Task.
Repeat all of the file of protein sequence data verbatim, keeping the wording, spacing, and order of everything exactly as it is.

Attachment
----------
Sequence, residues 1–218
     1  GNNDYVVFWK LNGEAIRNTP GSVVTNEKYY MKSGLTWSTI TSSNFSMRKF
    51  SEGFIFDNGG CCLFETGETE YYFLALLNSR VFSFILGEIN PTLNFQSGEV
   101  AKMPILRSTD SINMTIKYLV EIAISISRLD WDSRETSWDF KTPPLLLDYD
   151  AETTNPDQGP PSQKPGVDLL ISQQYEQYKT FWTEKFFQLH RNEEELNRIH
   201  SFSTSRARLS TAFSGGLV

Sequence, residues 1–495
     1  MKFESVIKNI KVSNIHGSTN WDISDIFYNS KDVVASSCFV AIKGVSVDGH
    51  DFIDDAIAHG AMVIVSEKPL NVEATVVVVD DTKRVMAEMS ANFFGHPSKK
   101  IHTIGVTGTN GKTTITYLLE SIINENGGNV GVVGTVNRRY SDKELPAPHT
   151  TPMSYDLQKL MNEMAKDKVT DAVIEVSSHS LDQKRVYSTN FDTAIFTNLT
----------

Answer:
Sequence, residues 1–218
     1  GNNDYVVFWK LNGEAIRNTP GSVVTNEKYY MKSGLTWSTI TSSNFSMRKF
    51  SEGFIFDNGG CCLFETGETE YYFLALLNSR VFSFILGEIN PTLNFQSGEV
   101  AKMPILRSTD SINMTIKYLV EIAISISRLD WDSRETSWDF KTPPLLLDYD
   151  AETTNPDQGP PSQKPGVDLL ISQQYEQYKT FWTEKFFQLH RNEEELNRIH
   201  SFSTSRARLS TAFSGGLV

Sequence, residues 1–495
     1  MKFESVIKNI KVSNIHGSTN WDISDIFYNS KDVVASSCFV AIKGVSVDGH
    51  DFIDDAIAHG AMVIVSEKPL NVEATVVVVD DTKRVMAEMS ANFFGHPSKK
   101  IHTIGVTGTN GKTTITYLLE SIINENGGNV GVVGTVNRRY SDKELPAPHT
   151  TPMSYDLQKL MNEMAKDKVT DAVIEVSSHS LDQKRVYSTN FDTAIFTNLT